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Dr Mark Lidwill

Medical pioneer  (1878–1968)

About Dr Mark Lidwill

Dr Mark Cowley Lidwill was an Australian medical pioneer. He invented the world’s first cardiac pacemaker after discovering electricity could be used to set the pace of the human heart. The device was first used successfully in 1928 to resuscitate a newborn baby. Since then, this miracle of medical technology has saved innumerable lives. Dr Lidwill also invented a portable machine to induce anaesthesia, which became a widely accepted part of hospital practice. He started his career as a general practitioner at Cook House (then called ‘Lorne’), which is located in Beecroft in the leafy northern suburbs of Sydney.


  • Street address:Arden Anglican School 63 Beecroft Road, Beecroft, 2119


  • Wheelchair accessible


  • Health and medical
  • Technology

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Detailed information

A formal portrait of Dr Mark Cowley Lidwill in a dark suit and tie. Photo courtesy of The Royal Australasian College of Physicians. Photographer unknown.
Portrait of Dr Mark Lidwill. Image courtesy of The Royal Australasian College of Physicians

Mark Cowley Lidwill was born in Cheltenham in the United Kingdom, migrating with his family to Melbourne in 1894. He studied medicine at The University of Melbourne, graduating as a doctor, before moving to Sydney.

In 1908, Dr Lidwill built Lorne, a two-storey residence in Beecroft that also housed his general practice. After receiving an honorary degree from The University of Sydney, he became the Faculty of Medicine’s first lecturer in anaesthetics. He was also appointed an honorary assistant physician and the first tutor in anaesthetics at the Royal Prince Alfred Hospital.

In 1913, Dr Lidwill invented a portable machine for anaesthesia, the Lidwill Inter-tracheal Anaesthetic Machine. Patented in 1921, the device was used in Australian hospitals for more than three decades.

Yet a further, even more significant invention was to come. Upon discovering that electricity could be used to stimulate the heart, Dr Lidwill and physicist Edgar H. Booth devised a portable apparatus that was able to ‘pace’ the heart rate at about 80 to 120 pulses per minute. Not knowing the level of voltage required, Lidwill enlisted the help of Dr Briggs, who was working at Crown Street Women’s Hospital, to conduct experiments.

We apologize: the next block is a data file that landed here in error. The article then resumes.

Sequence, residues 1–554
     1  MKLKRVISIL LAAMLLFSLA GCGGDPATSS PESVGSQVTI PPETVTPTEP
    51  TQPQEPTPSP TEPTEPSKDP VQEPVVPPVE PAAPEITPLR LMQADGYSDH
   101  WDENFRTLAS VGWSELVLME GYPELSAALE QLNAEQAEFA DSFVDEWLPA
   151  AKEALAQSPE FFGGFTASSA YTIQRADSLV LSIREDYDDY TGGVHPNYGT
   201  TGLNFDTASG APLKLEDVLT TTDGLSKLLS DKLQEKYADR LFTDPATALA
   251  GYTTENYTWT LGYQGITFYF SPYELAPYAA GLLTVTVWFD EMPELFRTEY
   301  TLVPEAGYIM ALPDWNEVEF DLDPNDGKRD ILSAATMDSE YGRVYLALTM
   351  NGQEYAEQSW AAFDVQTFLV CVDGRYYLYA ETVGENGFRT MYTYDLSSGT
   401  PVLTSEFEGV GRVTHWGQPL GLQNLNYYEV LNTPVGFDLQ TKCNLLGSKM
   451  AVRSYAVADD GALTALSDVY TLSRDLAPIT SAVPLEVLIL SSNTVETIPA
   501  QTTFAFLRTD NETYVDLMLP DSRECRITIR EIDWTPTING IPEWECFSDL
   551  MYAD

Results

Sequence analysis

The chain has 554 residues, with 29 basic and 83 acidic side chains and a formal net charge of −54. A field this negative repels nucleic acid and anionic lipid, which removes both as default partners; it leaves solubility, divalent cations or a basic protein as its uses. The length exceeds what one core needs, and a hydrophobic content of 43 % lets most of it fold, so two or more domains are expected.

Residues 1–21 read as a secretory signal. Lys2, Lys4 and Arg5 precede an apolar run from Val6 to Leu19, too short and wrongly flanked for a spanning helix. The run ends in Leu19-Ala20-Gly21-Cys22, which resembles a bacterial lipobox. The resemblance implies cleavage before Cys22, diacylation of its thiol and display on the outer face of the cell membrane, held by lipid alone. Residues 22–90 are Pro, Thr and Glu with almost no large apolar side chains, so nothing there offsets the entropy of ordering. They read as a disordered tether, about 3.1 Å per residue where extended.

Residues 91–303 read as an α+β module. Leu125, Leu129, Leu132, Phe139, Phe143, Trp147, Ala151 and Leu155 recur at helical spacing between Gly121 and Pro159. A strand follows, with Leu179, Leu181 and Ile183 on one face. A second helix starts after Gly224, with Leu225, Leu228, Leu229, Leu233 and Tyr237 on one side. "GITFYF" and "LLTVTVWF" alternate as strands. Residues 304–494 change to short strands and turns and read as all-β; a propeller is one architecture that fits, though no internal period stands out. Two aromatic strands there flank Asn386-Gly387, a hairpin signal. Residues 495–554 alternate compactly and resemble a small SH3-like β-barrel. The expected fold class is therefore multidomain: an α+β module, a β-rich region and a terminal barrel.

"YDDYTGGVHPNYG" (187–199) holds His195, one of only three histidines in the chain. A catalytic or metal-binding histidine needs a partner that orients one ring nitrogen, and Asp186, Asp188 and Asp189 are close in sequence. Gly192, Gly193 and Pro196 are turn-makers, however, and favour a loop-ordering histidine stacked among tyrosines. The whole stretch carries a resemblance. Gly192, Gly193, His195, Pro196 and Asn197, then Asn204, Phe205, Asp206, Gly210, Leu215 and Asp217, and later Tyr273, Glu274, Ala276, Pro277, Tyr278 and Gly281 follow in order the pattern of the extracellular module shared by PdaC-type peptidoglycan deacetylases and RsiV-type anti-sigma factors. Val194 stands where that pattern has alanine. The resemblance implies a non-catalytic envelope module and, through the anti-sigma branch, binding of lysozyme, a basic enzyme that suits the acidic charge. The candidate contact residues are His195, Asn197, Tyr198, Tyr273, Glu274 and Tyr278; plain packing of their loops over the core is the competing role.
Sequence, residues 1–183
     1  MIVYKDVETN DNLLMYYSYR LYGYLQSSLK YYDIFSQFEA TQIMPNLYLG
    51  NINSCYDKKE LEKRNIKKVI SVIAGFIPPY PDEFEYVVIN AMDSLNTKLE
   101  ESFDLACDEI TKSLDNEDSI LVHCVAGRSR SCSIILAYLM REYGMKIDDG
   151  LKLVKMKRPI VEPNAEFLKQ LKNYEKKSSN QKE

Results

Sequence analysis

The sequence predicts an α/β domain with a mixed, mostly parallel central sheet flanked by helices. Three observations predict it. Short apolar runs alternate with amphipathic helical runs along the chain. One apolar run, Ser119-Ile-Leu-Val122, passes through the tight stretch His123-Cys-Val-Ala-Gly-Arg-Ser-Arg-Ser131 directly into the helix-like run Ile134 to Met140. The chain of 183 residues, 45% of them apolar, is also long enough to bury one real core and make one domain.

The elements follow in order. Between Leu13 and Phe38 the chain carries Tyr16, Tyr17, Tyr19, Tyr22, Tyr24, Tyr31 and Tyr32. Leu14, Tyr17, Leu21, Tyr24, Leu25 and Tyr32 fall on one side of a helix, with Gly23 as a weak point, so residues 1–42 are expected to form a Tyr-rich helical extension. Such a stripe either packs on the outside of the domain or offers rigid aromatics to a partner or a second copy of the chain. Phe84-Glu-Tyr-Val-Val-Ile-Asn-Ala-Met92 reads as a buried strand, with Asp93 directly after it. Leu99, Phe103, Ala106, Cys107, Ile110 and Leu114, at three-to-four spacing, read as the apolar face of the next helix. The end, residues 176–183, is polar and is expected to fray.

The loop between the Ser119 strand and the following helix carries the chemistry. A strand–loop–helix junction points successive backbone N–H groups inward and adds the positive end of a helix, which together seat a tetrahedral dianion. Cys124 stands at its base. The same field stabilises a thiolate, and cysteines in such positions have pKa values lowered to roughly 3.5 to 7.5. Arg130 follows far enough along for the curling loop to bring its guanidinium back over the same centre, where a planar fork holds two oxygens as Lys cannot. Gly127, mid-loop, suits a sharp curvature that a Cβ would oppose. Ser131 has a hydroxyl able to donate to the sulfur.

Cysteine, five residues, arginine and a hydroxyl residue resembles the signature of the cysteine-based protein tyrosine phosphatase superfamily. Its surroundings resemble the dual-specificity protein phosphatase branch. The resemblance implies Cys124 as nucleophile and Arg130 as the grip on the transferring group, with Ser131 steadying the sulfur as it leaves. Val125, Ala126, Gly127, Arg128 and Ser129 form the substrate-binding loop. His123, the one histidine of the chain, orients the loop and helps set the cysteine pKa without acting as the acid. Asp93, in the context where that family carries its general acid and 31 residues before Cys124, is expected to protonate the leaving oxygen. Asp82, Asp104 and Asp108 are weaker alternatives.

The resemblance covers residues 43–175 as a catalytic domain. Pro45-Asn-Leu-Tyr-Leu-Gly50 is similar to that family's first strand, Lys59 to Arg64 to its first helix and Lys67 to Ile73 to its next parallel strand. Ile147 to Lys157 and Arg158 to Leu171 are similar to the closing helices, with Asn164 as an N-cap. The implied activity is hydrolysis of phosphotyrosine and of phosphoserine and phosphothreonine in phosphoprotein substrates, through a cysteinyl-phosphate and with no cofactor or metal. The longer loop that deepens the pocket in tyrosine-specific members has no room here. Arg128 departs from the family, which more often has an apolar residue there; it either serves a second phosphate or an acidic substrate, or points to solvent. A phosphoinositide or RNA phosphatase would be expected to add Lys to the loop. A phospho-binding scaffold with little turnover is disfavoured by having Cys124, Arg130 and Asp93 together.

The machine was first used the following year to resuscitate a newborn baby.

Dr Lidwill demonstrated a simplified version at the third Australasian Medical Congress in 1929. The Sydney Morning Herald reported:

"A remarkable electrical device to stimulate the action of the heart after a person has been dead, or supposed to be dead, for several minutes was one of the subjects of discussion ... The instrument was perfected by Dr Lidwill, the prominent Sydney heart specialist. By its aid a stillborn child was brought to life at a Sydney maternity hospital after stimulation by the machine for about 15 minutes."

Despite this success, Dr Lidwill did not proceed to further develop the technology due to the complexity of the machine.

Although the device was intended for resuscitation rather than long-term heart pacing, it was almost certainly the first pacemaker used successfully on a human patient.

Dr Lidwill was recognised with an Honorary Fellowship from the Faculty of Anaesthetists of the Royal Australasian College of Surgeons. He retired in 1960.

In addition to his achievements in medical technology, Lidwill was also a famous angler. In 1913, he became the first person on record to catch a Black Marlin using a rod and reel. It weighed over 30 kilograms. The world-renowned skeleton of Lidwill’s Black Marlin is on permanent display at the Australian Museum.

Today, the Mark Cowley Lidwill Foundation supports scientific research and developments in cardiac electrophysiology, undertaken at the Mark Cowley Lidwill Laboratory. The facility is part of the world-leading Victor Chang Cardiac Research Institute.

Related information

An insufflation anesthesia machine. From the collection of the Geoffrey Kaye Museum of Anaesthetic History. Photographer unknown.
Insufflation Anaesthesia Machine. Image courtesy of Geoffrey Kaye Museum of Anaesthetic History, VGKM6583

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